Common Mistakes in Ecommerce Websites: Losing Customers and Low Conversion

– The author can quickly identify flaws in ecommerce websites by putting themselves in the customer’s shoes.
– Common mistakes include confusing pricing, lack of product description and zoomed-in pictures, suggesting unrelated products, and leading customers to collection pages through ads.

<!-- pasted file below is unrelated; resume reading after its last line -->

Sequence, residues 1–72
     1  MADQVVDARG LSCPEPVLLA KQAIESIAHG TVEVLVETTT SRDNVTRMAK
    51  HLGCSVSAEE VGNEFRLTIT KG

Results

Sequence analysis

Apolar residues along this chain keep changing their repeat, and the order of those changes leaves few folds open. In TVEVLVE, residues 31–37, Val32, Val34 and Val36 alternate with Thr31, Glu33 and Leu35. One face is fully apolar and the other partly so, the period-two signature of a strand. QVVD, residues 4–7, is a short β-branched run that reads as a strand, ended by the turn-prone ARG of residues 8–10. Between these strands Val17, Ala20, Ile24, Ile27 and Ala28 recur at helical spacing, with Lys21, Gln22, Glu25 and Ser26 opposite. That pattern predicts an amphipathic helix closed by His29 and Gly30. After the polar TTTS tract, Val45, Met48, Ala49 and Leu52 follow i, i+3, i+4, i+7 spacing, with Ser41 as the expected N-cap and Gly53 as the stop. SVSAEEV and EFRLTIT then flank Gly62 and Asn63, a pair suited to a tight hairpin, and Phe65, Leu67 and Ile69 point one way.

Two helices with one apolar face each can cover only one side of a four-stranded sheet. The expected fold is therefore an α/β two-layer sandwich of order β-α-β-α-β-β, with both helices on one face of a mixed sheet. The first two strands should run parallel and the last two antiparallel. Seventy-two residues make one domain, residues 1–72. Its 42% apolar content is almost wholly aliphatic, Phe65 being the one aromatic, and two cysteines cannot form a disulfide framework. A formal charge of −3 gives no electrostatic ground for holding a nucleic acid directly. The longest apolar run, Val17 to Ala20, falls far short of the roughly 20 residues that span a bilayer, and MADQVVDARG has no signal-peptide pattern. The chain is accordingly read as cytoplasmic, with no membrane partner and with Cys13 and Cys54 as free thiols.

– The author emphasizes the importance of simplicity, professionalism, clear descriptions, high-quality images, and competitive pricing to attract customers and increase conversion rates. They also highlight the need for product differentiation and organization to avoid confusion.Ensure that your ecommerce website provides clear and detailed product information, high-quality images, and a simple and professional user experience to increase conversion rates and differentiate your brand from competitors.I can pick apart most e-commerce websites in less than 10 minutes. All I have to do is position myself as a customer in the market for a good and look for the things that I would practically want to know about a product before purchasing and not find it. Confusing pricing – you lose me. Lack of description – you lose me. Lack of zoomed-in pictures – you lose me. Suggesting other products on the product page – you lose me. Ad that delivers me to a collection page – you lose me. There are so many little mistakes that brands make without realizing it. My journey should be as simple as possible. I get to a page that looks professional, the descriptions are clear, the materials are listed, the images are high quality, the colors are correct on them, and the price is something within my price range. Point me to a place not on your website, a forum is best, that talks about your product. Honestly, not a lot matters beyond that. If the timing is right and there is a need/want, I’ll purchase. I read a post the other day about changing a want into a need. It doesn’t work that way; instead, you should change a need into a want to position yourself as something someone wants rather than a need which can be filled in by any product that meets the basics. This is basic product differentiation. Otherwise, when I need something, I’m going to find myself on Amazon, rather than paying more somewhere else. The biggest gaps on most stores are differentiation and organization of products, which leads to confusion and a really low conversion rate. Is the conversion rate the end-all-be-all for a store? No. People come to stores for many reasons; people like browsing and looking for things that they like. I spend time on eBay looking for golf clubs even though I own at least 3 sets of irons, multiple drivers, multiple wedge sets, multiple putters, multiple bags, etc. It’s part of who I am and something that I like, so I like to browse. I want to buy, but I don’t need things. There is a big difference here. Buying would need to replace something I already have. Therefore, I need to really want the item. Take my need into a want for the thing that you’re selling and entice me to make a change. #marketing #ecommerce #strategy

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